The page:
Bombshell: The Hedy Lamarr Story (tie)
Faces Places
Jane (tie)
Step

WOMEN’S WORK: BEST ENSEMBLE
A Quiet Passion
Girls Trip
Sophie And The Rising Sun
Wonder Woman

BEST FEMALE ACTION HERO
Atomic Blonde
In The Fade
The Shape Of Water
Wonder Woman

BEST EQUALITY OF THE SEXES
Atomic Blonde
Battle Of The Sexes
Professor Marston And The Wonder Women
Wonder Woman

BEST SCREEN COUPLE
Maudie
Professor Marston And The Wonder Women
The Big Sick
The Shape Of Water

BEST ANIMATED FEMALE(S)
Coco
Loving Vincent
The Breadwinner
Window Horses: The Poetic Persian Epiphany of Rosie Ming

BEST FAMILY FILM
Coco
Beauty And The Beast
The Breadwinner
Wonder

MOMMIE DEAREST WORST SCREEN MOM OF THE YEAR AWARD
Allison Janney – I, Tonya

ACTING AND ACTIVISM AWARD
Ashley Judd, Rose McGowan, and all the women who spoke out against the culture of sexual abuse 

LIFETIME ACHIEVEMENT AWARD
Agnes Varda

BEST RISING FEMALE STARS
Izabela Vidovic, Wonder
Peyton Kennedy, American Fable 

WFCC HALL OF SHAME
Harvey Weinstein

*ADRIENNE SHELLY AWARD: Adrienne Shelly was a promising actress and filmmaker who was brutally strangled in her apartment in 2006 at the age of forty by a construction worker in the building, after she complained about noise. Her killer tried to cover up his crime by hanging her from a shower20rack in her bathroom, to make it look like a suicide. He later confessed that he was having a “bad day.” Shelly, who left behind a baby daughter, had just completed her film Waitress, which she also starred in, and which was honored at Sundance after her death.

*JOSEPHINE BAKER AWARD: The daughter of a laundress and a musician, Baker overcame being born black, female and poor, and marriage at age fifteen, to become an internationally acclaimed legendary performer, starring in the films Princess Tam Tam, Moulin Rouge and Zou Zou. She also survived the race riots in East St. Louis, Illinois as a child, and later expatriated to France to escape US racism. After participating heroically in the underground French Resistance during WWII, Baker returned to the US where she was a crusader for racial equality. Her activism led to attacks against her by reporter Walter Winchell who denounced her as a communist, leading her to wage a battle against him. Baker was instrumental in ending segregation in many theaters and clubs, where she refused to perform unless integration was implemented.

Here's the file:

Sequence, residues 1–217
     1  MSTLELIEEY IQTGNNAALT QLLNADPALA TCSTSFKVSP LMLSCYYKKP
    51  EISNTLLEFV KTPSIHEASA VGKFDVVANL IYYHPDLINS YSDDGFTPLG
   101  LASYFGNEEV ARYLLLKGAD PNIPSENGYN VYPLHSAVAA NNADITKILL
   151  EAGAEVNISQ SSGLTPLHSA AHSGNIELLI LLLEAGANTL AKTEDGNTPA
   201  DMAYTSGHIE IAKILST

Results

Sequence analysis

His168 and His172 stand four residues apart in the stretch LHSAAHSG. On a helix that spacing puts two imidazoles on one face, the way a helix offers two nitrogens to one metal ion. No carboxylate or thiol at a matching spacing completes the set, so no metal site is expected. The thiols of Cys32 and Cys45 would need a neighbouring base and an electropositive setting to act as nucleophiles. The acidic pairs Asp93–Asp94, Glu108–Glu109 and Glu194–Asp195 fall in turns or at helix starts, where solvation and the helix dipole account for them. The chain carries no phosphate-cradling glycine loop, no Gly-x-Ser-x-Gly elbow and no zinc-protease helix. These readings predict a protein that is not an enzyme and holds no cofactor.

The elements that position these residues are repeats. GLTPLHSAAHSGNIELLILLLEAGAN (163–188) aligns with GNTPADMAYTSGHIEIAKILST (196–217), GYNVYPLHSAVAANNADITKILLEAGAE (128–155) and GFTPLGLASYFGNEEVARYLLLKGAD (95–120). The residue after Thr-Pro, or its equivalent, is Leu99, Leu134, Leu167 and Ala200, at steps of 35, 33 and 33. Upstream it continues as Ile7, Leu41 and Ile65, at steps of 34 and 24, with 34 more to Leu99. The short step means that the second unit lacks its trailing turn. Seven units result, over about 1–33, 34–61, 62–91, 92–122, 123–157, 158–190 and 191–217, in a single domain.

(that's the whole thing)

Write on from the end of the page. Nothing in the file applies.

*KAREN MORLEY AWARD: Karen Morley was a promising Hollywood star in the 1930s, in such films as Mata Hari and Our Daily Bread. She was driven out of Hollywood for her leftist political convictions by the Blacklist and for refusing to testify against other actors, while Robert Taylor and Sterling Hayden were informants against her. And also for daring to have a child and become a mother, unacceptable for female stars in those days. Morley maintained her militant political activism for the rest of her life, running for Lieutenant Governor on the American Labor Party ticket in 1954. She passed away in 2003, unrepentant to the end, at the age of 93.

About Erik Anderson

Erik blames his mother for his love of all things Oscar, having watched the Academy Awards together since he was in the single digits; making lists, rankings and predictions throughout the show. This led him down the path to obsessing about awards. Much later, he found himself at GoldDerby, led by Tom O’Neill and then migrated over to Oscarwatch (now AwardsDaily), headed up by Sasha Stone before breaking off to create AwardsWatch. He is a member of the International Cinephile Society, GALECA (The Society of LGBTQ Entertainment Critics), the International Press Academy and is the founder/owner of AwardsWatch.